"Lush in thought and feeling... Intently observant and obsessively concerned with language and meaning, Jeffery is a mesmerizing and disquieting narrator as he describes the "eerie and disembodying" ambiance of the Convergence and its ritualized, morally murky amalgam of mysticism and science, from the "post-mortem décor," punctuated by unnerving sculptures and violent cinematic montages, to the sarcophagus-pods containing naked, cryopreserved voyagers to the unknown... DeLillo infuses the drama with metaphysical riddles: What of ourselves can actually be preserved? What will resurrection pilgrims experience in their cold limbo? With immortality reserved for the elite, what will become of the rest of humanity on our pillaged, bloodied, extinction-plagued planet? In this magnificently edgy and profoundly inquisitive tale, DeLillo reflects on what we remember and forget, what we treasure and destroy, and what we fail to do for each other and for life itself... DeLillo reaffirms his standing as one of the world's most significant writers."--Booklist, starred review
"DeLillo homes in on what may be the ultimate--and deceptively simple--lesson of his novel, which is that in the end, the questions we ask about where death takes us are the same ones we ask about where life takes us."--The Atlantic
"Reveals itself as perhaps the author's most fully animated exploration of human feeling."--Andrew Martin, Vice
"Resplendently insightful... an engrossing work of narrative art... rare and extraordinary."--Paul D'Agostino, Brooklyn Magazine
"To reconcile . . . the fear of death that informs so many egregious acts . . . and the little everyday moments that make up so much of life -- is the problem DeLillo takes up again and again, and the impossibility of it is what makes his work so powerful, so comical . . . and so fine."--Beth Akins, Minneapolis Star-Tribune
"Elegant written . . . Soaringly eloquent."--Doug Clifton, Miami Herald
"Mr. DeLillo's true brilliance has always been as a satirist. Despite its morbid subject, this is a terrifically funny novel."--Sam Sacks, Wall Street Journal
"[DeLillo is] the master of the pre-apocalyptic novel, the chief literary mapper of the dehumanized places our current world may lead us. [He] is near the top of his game in Zero K."--Chris Vognar, Dallas Morning News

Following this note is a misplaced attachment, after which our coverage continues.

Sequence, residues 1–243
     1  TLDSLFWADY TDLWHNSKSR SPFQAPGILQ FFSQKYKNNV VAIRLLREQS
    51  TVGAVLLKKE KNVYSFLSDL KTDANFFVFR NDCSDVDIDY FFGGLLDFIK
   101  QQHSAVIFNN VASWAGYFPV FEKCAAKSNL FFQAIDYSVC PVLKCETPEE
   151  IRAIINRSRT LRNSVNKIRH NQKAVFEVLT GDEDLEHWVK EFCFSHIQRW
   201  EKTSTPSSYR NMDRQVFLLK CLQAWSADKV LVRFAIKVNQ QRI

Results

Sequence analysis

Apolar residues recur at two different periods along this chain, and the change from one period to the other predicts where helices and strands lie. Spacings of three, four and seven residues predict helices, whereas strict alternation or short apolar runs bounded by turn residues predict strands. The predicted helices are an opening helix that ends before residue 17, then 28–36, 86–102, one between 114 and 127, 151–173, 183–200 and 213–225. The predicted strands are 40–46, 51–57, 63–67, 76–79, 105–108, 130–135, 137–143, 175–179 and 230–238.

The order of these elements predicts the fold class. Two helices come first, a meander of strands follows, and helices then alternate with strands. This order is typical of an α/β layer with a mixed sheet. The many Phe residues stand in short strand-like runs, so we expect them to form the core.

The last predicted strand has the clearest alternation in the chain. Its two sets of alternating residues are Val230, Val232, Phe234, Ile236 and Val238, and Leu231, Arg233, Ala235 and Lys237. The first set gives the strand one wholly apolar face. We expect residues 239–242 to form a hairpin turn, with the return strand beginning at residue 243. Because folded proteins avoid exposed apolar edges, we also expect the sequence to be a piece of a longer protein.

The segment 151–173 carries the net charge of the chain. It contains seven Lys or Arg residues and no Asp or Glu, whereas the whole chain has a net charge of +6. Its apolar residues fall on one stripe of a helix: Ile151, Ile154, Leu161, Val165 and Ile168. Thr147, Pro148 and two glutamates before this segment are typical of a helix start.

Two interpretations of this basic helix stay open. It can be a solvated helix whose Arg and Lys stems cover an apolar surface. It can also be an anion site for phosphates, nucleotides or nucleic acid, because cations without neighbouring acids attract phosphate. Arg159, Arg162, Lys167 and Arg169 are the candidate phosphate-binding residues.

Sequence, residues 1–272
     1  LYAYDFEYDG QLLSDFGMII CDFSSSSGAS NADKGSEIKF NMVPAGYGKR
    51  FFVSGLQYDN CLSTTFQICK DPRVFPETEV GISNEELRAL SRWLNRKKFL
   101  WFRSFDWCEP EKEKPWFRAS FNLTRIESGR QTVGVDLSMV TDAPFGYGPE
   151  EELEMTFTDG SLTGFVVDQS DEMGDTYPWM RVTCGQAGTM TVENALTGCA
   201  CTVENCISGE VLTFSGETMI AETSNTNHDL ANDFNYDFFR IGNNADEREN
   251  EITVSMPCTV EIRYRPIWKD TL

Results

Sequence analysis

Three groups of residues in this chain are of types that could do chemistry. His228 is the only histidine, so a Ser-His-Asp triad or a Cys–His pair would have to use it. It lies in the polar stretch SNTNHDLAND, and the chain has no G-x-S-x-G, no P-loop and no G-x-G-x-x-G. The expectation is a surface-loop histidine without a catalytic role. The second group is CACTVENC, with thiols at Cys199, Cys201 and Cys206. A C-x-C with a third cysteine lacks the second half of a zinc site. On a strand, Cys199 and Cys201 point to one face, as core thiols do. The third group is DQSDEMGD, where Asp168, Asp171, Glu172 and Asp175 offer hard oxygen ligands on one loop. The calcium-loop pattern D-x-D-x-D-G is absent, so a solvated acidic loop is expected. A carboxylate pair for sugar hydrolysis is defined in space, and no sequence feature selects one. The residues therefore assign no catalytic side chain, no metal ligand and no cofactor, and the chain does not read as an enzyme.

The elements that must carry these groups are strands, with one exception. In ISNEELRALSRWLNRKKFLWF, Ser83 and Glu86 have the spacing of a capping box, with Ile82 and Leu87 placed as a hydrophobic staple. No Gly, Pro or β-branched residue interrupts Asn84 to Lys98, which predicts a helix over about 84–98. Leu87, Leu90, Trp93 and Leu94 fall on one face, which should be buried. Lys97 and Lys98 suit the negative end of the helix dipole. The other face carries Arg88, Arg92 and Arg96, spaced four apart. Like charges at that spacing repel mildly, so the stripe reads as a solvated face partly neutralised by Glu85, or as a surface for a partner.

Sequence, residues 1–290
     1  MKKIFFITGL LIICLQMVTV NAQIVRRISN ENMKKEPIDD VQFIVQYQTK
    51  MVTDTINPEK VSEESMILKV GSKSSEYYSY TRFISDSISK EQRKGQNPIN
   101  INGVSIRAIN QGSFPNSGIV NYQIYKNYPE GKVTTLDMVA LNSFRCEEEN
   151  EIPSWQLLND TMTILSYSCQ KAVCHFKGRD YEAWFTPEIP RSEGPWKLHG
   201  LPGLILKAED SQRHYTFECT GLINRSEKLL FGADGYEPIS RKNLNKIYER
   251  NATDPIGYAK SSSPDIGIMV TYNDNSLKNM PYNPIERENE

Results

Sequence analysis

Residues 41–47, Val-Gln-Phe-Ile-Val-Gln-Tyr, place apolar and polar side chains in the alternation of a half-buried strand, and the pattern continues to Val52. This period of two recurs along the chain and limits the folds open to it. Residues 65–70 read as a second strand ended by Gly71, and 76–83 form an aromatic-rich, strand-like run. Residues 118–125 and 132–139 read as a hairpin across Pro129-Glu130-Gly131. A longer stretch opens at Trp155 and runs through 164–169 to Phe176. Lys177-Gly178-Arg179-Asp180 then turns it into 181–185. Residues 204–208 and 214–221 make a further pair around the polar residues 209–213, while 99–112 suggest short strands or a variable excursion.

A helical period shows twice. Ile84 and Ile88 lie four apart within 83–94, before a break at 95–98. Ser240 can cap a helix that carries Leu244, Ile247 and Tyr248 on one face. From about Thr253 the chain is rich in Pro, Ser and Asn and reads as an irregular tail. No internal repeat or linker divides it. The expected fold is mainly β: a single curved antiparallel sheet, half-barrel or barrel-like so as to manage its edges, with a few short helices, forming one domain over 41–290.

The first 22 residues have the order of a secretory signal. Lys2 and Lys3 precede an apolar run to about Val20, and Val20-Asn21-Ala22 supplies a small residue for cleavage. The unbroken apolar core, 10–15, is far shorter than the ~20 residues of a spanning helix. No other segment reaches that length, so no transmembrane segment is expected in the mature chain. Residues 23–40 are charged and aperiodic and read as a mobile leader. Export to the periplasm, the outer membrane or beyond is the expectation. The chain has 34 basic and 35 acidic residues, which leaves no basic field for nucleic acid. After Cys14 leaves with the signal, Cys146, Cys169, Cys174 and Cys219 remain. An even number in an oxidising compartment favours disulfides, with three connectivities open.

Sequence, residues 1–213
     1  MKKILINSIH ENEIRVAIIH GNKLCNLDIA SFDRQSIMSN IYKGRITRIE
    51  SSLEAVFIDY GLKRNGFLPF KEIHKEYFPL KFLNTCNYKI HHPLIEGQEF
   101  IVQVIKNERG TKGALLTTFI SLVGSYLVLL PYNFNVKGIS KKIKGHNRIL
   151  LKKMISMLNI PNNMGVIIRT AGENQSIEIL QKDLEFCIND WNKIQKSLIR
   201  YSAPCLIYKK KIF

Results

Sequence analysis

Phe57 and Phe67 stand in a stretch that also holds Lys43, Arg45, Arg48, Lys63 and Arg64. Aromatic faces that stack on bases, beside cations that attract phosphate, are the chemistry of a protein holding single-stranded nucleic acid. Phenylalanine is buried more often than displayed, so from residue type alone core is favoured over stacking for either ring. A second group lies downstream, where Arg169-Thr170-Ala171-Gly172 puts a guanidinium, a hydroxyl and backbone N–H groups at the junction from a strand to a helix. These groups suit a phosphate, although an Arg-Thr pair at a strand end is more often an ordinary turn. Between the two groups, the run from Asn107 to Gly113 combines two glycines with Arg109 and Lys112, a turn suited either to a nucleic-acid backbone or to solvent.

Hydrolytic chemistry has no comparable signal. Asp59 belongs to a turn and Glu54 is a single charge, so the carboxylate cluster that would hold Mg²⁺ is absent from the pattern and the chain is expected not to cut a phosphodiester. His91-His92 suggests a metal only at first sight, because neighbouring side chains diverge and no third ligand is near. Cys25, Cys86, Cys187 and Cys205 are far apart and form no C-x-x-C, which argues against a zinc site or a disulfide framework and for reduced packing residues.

"DeLillo's prose style has undergone a quickening. His sentences have always had a cascade effect, but lately their arc is steeper. Gravity has assumed more force. And [in Zero K] style and theme have something in common."--Christian Lorentzen, New York Magazine
"Zero K is science fiction of a kind that takes place five minutes from now and a novel of ideas that's deeply emotional."--Jeff Baker, Seattle times
"The novel's brilliance escalates sharply as it proceeds. By the end, it is absolute."--Jeff Simon, The Buffalo News
"Zero K demonstrates the electrifying possibilities of DeLillo's approach. . . . This is speculative fiction in the present tense written with an ardent concentration and economy, no superfluous words, not even a wasted comma. At its best, DeLillo's prose buzzes with the ambient hum of modernity, attuning the reader to a subliminal frequency, the hidden meanings of everyday objects and rituals."--Keith Watson, Slant Magazine
"A profound and deeply moral book."--Ann Levin, Associated Press
"Almost six decades into publishing fiction, this author has put up a fresh career landmark. . . . [DeLillo] has brought off something simple but disturbing, revealing both the perils of faith and the power of Gospel."--John Domini, Philadelphia Inquirer
"Wonderful."--Nelson Appell, Missourian
"Brave and bracing . . . sure to solidify [DeLillo's] reputation as one of the great American novelists of our time."--Mike Fischer, Milwaukee Journal Sentinel